It is re-formatted.
A Public Relations professional declared the annual report dead, to the shock of attendees at the workshop Pathways to Excellence: Excellence in Communications held by the Nonprofit Coordinating Committee (NPCC) on February 23, 2018.
A second panelist concurred that it was not helpful for a nonprofit organization to narrate events and programs that had occurred between 12 and 18 months prior to the publication date.
I respectfully disagree. For those supporters who have come into the fold, say, in the past three months, the range of activities and successes previously conducted by the nonprofit probably are beyond their horizon. In fact, new supporters may be even more impressed to be brought up to date on the full range of achievements of the prior year.
If the annual report is dead, and is not to be produced, it’s time for the nonprofit to devise — and revise — other communication vehicles to ensure that newer supporters are fully informed about the breadth and depth of programs and services.
How might these communications be best achieved?
- Create a Get to Know XYZ as an informative one-sheet or brochure.
- Post the current and prior issues of the newsletter on the website (see below).
- Provide periodic updates to programs and success stories featured on the website. For example, in the discussion of a training course, note that a graduate, who was hired after completing an internship at a tech company, was recently promoted.
- Gather posts shared on Facebook and Twitter as a timeline.
- Keep your recent conference current. Revise notices of upcoming events upon completion by adding summaries of research, panels, results and impacts.
- Amplify news articles about the organization with photos, videos and updates of the latest activity.
- Take photos of services and programs in action, either live or staged; assemble the images in a video and add a voiceover.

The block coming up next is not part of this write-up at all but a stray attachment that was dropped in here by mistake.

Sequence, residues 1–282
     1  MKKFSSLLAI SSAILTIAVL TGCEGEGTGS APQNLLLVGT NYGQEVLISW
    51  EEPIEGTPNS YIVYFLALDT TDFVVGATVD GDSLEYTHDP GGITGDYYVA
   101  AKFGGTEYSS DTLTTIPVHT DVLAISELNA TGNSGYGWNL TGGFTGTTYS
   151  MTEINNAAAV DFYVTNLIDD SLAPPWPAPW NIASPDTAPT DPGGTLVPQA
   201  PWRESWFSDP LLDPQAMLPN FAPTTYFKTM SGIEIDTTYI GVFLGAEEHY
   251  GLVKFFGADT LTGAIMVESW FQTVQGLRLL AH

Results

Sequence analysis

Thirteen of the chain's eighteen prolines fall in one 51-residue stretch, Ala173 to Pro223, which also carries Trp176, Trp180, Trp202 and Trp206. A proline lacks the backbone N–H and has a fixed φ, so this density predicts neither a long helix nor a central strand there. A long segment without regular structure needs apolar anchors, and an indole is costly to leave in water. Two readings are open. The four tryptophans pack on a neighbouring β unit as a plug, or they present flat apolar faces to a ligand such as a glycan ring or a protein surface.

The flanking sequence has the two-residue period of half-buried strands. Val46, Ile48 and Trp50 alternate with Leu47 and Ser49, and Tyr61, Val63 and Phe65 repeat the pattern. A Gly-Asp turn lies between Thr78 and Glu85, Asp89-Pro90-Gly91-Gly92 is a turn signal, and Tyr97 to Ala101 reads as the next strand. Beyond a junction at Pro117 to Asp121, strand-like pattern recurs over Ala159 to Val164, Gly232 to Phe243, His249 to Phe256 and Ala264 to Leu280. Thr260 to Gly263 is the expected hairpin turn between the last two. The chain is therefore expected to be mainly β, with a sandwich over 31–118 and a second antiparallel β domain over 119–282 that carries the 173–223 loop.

- Aggregate the essential financial data as pie charts: income, grants and donations in the first and program, overhead and salaries in another.
- Finally, all these materials should be housed on the website and periodically shared on social media.
Your organization has a wealth of content that is both time-sensitive and evergreen. Transform any potentially date-driven material so it is current and timeless. Added together, you conduct a periodic review of the highlights and achievements of the year, quarter or month without calling it a traditional annual report.
This Month’s Tip
Share your newsletter. Nearly all of the attendees at a workshop on newsletters I taught at NPCC published a newsletter. Yet 90% of them did not post it on their website. Are you hiding your newsletter from people who want to learn about your organization? Making all your newsletters available is a no-cost way to promote your group’s programs, services and successes throughout the year, regardless of publication date. Each one should have a link for readers to easily view previous issues. Also, categorize or tag them to facilitate search for a specific topic.
Ready to re-format your annual report? Contact me at Janet@JanetLFalk.com, book an appointment here or call me at 212.677.5770 to look beyond the calendar or fiscal year. Instead, let’s aggregate the steady flow of communications that broadcast your activities and achievements all year long.
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